Overtime compensation provisions of the FLSA. Under Section 13(b)(12) of the FLSA, 29 U.S.C. § 213(b)(12), “any employee employed in agriculture” is exempt from overtime compensation. As a result, whereas employees in other industries enjoy premium overtime wages of one-and one-half times their regular rate of pay for any hours in excess of 40 worked in a workweek, agricultural workers are not entitled to this benefit. Because migrant and seasonal farmworkers don’t receive overtime pay, they face severe financial pressures which leads some to encourage their children to work to contribute to the family income.
The overtime exemption was originally enacted out of congressional concern for the highly seasonal nature of agricultural work, resulting in long hours during the harvest and other peak seasons. Congress also viewed agriculture as comprised of small businesses that are buffeted by drought, great price variations, and other uncertainties. Since the enactment of the first child labor protections for farmworkers in the FLSA in 1966, there have been many changes in agriculture that have made the overtime compensation exemption much more difficult to justify. Farms are much larger now, with sizable corporations rather than family farmers owning most of the commercial acreage and employing large numbers of workers. For example, while 20.4 percent of all farms in 1982 had 2,000 acres or more, by 1997 29.7 percent of all farms were of this size (U.S. Department of Commerce, 1984, 1998). This represents an increase of over 45 percent in just 15 years. To excuse all farms from paying time and one-half overtime compensation – even large ones – can no longer be justified. The agricultural exemption should be repealed as an anachronistic vestige of the past.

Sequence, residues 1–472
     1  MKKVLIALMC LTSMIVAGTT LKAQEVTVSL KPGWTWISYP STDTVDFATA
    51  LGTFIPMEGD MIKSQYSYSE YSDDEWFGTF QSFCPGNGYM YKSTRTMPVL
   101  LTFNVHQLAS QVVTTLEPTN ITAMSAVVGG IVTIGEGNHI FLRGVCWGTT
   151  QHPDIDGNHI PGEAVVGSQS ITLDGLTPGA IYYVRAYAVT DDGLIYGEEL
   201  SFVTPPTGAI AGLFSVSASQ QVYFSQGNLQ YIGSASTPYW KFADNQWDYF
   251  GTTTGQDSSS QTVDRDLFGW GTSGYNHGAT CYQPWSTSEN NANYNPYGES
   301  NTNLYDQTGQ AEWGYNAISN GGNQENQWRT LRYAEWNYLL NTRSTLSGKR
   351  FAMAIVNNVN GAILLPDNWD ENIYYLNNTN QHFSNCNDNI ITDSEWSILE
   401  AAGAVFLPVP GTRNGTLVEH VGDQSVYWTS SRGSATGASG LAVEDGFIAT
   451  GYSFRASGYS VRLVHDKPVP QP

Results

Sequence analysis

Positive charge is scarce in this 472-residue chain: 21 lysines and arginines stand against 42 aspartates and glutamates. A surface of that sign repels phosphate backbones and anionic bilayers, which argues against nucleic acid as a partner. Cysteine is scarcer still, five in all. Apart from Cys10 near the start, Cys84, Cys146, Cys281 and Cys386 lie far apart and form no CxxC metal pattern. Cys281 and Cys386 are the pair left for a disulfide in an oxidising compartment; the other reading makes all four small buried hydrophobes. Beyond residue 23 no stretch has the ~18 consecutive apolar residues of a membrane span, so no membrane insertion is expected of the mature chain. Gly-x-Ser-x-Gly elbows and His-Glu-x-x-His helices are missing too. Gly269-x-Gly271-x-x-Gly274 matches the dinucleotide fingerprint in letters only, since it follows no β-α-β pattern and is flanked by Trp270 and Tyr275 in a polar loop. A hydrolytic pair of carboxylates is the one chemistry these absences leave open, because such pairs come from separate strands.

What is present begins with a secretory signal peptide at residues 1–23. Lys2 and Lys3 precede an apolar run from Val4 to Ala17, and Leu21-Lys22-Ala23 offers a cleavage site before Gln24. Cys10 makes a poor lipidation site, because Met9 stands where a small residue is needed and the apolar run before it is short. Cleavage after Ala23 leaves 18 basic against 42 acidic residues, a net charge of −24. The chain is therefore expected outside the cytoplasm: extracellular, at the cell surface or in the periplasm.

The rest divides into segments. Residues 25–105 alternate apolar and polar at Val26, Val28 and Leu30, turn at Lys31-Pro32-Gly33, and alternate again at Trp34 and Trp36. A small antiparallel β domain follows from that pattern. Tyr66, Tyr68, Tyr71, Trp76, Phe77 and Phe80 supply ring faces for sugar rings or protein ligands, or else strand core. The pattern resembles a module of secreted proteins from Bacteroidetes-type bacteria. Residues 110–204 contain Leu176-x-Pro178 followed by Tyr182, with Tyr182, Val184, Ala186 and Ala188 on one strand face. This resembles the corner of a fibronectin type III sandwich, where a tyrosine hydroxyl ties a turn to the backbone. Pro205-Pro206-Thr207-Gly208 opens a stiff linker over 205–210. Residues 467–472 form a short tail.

In California agricultural workers are paid overtime compensation for hours worked in excess of 10 hours in a day or 6 days in a week as a matter of state law.
Minimum wage provisions of the FLSA. Certain small farms are exempt from paying the FLSA minimum wage under Section 13(a)(6)(A), 29 U.S.C. § 213(a)(6)(A). This exemption applies to agricultural employees who did not, “during any calendar quarter during the preceding calendar year, use more than 500 man-days of agricultural labor . . .” This exemption was plainly enacted on the theory that small farms are less able than large ones to pay the wage costs imposed by the federal minimum wage. Of course, those who work on small farms do not have any less of a need than those who work on large farms to earn at least $5.15 per hour.19 Moreover, it should be noted that a minimum wage and overtime exemption for small retail businesses, which like the small farm exemption had been a part of the FLSA for many years, was repealed in 1990. It is time to reconsider whether there is any further need for the small farm exemption in agriculture.